"We're always in the
midst of a chase.

Going after a dream...

Chasing a fantasy...

And making it a

This is what I write

Life is about the chase."

~ Rachelle

February 2006 – Archive

Men are visual creatures. I’m aware of this. Just like I’m aware of music playing at Starbucks when I’m writing. In both instances, this awareness hums along slightly below my consciousness — until something jolts it to the forefront. Like today, when the barista cranked the music up two notches higher than usual. Or when, hours later, Gary walked in, looked at me, then did a double-take.

I’d met Gary in December at a singles ‘networking’ function. I’d bought a little black dress for the occasion — my first step in implementing New Year’s Resolution #3: Get in Touch With My Inner-Diva. It was clingy and sexy, yet classy and sophisticated. I felt like Cinderella. And my many Prince Charmings stepped forward to slip me business cards, instead of slippers.

Gary was one of them.

Two weeks later, I attended a party at a friend’s house wearing the same little black dress. Same Cinderella experience, though on a smaller scale. Gary showed up. (Aren’t the odds of running into the same guy, in the same dress, in a person’s house similar to those of finding a $1 million lottery ticket stuck to the bottom of your shoe?!). He pressed another business card into the palm of my hand.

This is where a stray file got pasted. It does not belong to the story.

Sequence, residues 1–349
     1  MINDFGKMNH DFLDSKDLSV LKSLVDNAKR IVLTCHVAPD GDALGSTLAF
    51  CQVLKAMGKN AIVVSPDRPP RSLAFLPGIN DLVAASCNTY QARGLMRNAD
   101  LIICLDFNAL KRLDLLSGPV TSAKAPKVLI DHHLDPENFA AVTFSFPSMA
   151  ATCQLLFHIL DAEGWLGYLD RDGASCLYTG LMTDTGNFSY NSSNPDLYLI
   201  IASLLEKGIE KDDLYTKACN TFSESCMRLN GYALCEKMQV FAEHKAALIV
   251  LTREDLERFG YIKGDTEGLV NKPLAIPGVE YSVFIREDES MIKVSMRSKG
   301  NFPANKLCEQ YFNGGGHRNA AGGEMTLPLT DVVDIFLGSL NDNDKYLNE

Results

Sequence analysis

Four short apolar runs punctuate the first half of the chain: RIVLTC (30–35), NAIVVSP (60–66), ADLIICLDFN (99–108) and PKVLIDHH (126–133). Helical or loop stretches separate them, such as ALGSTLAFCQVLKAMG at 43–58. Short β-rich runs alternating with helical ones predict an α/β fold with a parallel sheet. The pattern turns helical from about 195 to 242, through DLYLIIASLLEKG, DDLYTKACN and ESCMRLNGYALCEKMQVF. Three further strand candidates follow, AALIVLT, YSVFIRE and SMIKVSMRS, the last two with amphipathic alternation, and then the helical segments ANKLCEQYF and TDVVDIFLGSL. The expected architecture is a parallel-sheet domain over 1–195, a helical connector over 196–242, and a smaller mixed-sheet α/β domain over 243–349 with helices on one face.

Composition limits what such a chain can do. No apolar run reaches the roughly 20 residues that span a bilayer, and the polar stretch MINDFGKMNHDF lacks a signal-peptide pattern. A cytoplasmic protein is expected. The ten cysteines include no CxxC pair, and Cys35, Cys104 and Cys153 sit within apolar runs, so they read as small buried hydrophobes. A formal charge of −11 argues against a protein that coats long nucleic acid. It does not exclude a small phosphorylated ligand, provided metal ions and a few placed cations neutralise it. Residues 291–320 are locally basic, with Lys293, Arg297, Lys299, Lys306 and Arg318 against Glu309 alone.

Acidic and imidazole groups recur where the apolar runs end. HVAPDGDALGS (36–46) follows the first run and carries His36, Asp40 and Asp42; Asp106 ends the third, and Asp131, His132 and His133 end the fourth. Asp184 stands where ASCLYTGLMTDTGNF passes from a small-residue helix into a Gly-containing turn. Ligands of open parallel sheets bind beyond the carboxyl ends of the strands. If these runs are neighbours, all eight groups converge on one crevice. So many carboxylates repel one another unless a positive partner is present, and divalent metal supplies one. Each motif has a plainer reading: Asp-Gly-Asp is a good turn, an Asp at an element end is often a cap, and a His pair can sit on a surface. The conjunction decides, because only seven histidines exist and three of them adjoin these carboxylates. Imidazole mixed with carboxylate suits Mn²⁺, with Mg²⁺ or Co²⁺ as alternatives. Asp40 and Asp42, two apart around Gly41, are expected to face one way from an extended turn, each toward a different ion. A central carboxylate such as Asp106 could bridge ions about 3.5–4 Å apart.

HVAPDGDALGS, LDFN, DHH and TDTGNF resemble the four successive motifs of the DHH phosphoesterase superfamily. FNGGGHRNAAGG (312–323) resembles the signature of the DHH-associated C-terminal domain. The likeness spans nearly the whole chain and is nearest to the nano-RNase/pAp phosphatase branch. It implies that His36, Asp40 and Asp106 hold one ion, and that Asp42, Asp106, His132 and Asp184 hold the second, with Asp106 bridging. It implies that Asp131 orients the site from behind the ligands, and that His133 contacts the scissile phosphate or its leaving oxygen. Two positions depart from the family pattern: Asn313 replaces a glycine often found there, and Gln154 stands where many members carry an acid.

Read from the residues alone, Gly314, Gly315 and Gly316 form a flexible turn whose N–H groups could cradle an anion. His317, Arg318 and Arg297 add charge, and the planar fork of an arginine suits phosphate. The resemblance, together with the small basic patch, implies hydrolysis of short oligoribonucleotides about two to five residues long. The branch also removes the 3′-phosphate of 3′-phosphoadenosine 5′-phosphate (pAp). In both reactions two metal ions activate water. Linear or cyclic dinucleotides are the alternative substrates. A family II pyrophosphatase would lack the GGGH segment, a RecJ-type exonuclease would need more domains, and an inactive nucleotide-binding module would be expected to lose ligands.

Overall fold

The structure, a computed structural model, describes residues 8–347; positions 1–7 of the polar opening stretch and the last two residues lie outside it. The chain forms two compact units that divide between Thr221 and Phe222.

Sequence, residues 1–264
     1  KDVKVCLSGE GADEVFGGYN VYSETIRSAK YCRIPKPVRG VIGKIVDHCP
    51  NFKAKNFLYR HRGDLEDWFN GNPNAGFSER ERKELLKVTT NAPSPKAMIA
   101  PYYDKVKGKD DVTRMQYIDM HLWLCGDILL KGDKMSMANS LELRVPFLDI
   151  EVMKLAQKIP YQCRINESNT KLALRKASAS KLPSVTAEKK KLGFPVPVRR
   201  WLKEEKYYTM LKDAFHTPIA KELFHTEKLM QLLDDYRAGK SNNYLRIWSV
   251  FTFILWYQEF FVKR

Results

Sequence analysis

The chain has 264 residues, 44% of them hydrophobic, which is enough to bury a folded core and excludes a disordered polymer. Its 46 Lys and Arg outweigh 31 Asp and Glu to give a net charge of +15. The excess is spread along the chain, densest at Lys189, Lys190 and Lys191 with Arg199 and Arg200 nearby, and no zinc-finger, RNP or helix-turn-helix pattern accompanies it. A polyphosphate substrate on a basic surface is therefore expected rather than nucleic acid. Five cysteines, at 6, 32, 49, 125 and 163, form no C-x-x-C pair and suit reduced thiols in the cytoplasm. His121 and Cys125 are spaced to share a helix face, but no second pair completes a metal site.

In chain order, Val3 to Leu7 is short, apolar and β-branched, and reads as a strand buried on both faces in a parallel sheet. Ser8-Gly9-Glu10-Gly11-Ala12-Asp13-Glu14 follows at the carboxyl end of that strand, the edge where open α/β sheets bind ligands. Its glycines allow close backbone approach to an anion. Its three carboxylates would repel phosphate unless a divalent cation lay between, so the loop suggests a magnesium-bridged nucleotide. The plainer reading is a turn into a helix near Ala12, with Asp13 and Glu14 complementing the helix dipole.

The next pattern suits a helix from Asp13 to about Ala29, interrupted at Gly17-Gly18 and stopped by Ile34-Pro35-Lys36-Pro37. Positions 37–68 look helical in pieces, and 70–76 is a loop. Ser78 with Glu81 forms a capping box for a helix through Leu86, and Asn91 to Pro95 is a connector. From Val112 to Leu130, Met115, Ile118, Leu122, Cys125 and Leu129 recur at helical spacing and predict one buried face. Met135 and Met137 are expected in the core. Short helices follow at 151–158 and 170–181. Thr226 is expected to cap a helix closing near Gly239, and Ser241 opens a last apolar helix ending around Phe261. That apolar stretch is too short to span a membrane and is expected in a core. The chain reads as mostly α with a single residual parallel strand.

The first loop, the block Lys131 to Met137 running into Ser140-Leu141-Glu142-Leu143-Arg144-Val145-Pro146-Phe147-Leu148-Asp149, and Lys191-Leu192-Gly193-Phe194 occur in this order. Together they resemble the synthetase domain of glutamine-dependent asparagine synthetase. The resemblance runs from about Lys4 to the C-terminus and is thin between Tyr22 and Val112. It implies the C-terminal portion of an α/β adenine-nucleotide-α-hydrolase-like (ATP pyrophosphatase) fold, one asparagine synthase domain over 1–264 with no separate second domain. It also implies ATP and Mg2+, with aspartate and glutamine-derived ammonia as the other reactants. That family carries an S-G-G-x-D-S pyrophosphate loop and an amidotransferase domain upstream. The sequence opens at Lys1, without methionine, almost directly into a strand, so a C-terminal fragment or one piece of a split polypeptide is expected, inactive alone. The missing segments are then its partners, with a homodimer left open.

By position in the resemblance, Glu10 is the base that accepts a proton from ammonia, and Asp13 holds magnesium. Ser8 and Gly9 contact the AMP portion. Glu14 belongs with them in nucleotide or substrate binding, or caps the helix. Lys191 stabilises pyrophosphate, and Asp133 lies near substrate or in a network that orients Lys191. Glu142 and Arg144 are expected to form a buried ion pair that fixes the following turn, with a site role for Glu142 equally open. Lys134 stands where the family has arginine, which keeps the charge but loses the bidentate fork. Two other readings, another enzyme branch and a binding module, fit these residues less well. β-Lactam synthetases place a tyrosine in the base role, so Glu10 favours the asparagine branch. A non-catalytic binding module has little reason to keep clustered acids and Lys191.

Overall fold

Today, I was sitting at Starbucks, in my working attire — baggy army fatigue-like pants and a shapeless fleece sweatshirt. Glasses. No makeup. Bed-head hair — the matted, lopsided kind. While pondering deep thoughts, such as why, at page 156, my heroine and hero in my erotic romance still had not managed to have sex, I looked up from my computer. And there was Gary, standing between the whole milk and half-and-half canisters.

“Hi,” I mouthed.

He did a double-take before returning my greeting, and then walked over.

I laughed. “Yeah, I know. I look different.”

He smiled. “Yeah.”

“I bet if you’d seen me like this — no makeup, glasses, messy hair — you wouldn’t have invited me out to dinner.”

He shook his head. “No. I still would have asked you to dinner. But only if you were wearing that dress. That black dress.”

I didn’t know whether to feel complimented or insulted.

Is that really all it takes? Are men really that … basic? I wish I were bold enough to find out. To not comb my hair. Not shave my armpits. Wear my oldest, most outdated glasses. And don my little black dress.

You really think Prince Charming would be standing by to take me out?


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